Plenty of comedies have used New York and its distinctive boroughs as backdrops—and main characters—for their stories of people just trying to get by in the big city. As of late, many of those films and TV series have been born out of Brooklyn, its 21st Century renaissance fostering a comedy scene all its own, but a show like Flatbush Misdemeanors proves that the city’s largest borough still has so much more story to tell. “[Flatbush] is very different from a lot of the other neighborhoods—even in Brooklyn alone,” says series co-creator Kevin Iso. Back in 2017, Iso and his collaborator Dan Perlman started their darkly comic web series of the same name as way to show their side of the city, through their eyes. “It’s just cool to show a New York that’s different than the sort of already gentrified—like Williamsburgh or Park Avenue—New York,” says Perlman, “and just tell it in an authentic way, not sensationalized or anything. [You’re] just living with these characters.”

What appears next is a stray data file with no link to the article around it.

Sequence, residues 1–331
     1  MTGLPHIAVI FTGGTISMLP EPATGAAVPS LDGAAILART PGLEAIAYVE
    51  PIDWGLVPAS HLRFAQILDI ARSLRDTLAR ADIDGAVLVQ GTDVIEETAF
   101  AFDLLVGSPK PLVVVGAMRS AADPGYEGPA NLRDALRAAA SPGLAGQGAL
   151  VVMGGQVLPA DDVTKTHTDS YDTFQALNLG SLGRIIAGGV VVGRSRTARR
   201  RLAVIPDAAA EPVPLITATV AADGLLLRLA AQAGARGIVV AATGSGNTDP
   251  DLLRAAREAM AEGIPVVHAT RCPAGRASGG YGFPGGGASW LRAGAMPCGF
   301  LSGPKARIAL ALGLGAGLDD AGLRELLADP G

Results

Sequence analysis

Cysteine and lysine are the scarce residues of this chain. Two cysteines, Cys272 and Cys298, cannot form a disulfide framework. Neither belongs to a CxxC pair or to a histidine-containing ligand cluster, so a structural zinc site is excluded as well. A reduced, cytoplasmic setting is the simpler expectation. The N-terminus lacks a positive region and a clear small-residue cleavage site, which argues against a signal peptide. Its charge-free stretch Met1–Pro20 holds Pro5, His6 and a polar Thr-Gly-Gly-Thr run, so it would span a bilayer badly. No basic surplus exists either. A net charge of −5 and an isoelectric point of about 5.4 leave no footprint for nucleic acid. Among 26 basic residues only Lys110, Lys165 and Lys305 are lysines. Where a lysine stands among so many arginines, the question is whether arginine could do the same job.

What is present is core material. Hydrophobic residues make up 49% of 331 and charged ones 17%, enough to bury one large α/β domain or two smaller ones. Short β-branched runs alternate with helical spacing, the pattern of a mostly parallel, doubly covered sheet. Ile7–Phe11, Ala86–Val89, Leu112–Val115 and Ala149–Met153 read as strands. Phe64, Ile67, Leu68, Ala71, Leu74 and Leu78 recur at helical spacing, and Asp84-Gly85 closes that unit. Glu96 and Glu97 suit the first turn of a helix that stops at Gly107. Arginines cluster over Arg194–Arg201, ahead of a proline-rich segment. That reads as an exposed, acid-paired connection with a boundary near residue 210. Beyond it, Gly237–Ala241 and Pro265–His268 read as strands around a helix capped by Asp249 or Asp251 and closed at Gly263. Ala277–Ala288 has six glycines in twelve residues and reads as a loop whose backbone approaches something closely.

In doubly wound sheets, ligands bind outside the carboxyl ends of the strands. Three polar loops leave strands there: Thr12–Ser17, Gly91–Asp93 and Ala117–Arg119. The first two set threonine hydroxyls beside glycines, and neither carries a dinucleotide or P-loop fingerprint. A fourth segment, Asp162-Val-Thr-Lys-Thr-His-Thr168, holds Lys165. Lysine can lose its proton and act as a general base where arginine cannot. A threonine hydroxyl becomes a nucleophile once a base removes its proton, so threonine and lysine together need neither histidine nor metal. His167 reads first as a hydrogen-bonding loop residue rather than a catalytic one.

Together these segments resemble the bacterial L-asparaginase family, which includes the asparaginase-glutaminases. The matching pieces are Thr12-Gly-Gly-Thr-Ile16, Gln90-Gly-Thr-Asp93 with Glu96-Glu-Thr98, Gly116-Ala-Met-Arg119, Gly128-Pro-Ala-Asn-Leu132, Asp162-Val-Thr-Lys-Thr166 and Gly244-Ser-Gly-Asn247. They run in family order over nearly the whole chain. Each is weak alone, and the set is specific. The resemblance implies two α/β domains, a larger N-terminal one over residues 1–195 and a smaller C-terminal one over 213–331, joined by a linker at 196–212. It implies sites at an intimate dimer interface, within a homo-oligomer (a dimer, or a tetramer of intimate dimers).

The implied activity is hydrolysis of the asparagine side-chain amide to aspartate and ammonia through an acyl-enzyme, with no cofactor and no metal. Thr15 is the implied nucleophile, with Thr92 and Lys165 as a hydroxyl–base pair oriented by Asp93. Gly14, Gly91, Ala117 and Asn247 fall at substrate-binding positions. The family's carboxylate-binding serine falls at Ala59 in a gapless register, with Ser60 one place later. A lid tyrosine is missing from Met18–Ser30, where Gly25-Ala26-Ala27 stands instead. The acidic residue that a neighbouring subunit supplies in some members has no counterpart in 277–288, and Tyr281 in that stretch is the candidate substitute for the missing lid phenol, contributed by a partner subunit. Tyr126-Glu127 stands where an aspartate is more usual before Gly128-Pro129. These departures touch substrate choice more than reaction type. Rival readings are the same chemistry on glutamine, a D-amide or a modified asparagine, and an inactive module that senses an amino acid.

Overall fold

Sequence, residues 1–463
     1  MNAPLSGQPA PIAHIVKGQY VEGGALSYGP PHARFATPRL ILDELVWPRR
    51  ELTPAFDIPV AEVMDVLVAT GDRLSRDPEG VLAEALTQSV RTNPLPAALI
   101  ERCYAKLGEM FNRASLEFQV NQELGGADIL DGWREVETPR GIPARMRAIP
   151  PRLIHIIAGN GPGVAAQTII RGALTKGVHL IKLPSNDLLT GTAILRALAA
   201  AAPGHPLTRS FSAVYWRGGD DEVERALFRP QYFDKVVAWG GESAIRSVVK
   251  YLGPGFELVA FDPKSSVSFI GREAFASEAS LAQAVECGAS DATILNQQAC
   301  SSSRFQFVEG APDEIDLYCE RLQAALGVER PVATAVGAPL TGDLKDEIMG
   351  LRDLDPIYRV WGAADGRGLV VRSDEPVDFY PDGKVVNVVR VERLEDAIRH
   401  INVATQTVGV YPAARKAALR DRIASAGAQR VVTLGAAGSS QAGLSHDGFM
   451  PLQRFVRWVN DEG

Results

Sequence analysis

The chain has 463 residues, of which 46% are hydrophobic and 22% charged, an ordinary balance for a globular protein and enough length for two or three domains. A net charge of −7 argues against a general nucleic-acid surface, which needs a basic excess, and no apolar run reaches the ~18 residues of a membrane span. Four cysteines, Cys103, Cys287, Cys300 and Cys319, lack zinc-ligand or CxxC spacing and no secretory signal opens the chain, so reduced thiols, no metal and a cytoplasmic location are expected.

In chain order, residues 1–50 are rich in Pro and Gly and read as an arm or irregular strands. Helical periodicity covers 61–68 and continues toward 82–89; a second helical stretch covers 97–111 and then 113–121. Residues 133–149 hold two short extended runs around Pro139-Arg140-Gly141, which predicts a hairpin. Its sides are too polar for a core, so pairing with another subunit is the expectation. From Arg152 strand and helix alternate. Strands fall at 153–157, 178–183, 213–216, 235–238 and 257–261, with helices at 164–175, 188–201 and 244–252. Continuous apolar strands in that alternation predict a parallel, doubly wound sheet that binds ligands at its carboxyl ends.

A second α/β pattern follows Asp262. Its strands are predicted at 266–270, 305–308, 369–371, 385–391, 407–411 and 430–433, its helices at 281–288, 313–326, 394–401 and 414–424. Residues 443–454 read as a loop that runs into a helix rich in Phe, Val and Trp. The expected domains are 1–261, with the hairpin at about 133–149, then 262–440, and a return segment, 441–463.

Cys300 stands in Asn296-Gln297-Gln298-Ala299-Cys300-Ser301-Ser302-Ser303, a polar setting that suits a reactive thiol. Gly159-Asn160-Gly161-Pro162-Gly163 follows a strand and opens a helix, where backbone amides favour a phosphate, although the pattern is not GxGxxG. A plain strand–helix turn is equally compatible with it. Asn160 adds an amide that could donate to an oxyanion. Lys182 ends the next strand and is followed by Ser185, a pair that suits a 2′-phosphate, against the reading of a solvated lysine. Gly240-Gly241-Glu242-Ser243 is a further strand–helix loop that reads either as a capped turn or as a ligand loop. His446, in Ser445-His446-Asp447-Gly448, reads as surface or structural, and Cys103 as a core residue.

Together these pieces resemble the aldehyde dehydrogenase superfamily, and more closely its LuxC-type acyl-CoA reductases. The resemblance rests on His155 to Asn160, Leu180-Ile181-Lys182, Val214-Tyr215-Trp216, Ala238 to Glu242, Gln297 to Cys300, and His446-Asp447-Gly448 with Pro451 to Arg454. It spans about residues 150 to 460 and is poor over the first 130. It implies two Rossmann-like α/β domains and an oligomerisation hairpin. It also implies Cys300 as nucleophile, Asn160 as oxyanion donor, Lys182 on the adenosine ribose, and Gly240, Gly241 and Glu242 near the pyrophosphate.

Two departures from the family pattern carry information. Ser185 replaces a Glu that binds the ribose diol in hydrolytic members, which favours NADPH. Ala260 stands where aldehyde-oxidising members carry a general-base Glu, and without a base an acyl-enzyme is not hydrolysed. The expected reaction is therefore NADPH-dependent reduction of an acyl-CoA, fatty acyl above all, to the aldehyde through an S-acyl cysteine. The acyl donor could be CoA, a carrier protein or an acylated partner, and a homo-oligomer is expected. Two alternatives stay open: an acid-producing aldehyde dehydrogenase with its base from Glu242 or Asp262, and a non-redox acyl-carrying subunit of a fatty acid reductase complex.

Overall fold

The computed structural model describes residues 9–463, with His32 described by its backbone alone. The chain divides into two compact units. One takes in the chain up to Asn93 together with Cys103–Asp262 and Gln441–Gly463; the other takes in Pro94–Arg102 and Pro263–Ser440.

Five years later, Iso and Perlman are bringing that point-of-view to Showtime, following fictionalized versions of themselves living day-to-day in one of the city’s liveliest and most diverse neighborhoods. In the video above, the duo discusses Flatbush Misdemeanors’ journey from a self-made, no-budget web series to a major premium television network, and the ways that bigger platform has and hasn’t altered the DNA of the show. Iso and Perlman also share why they avoided bringing the pandemic into the show and what they learned about one another in the process
Flatbush Misdemeanors premieres May 23 on Showtime.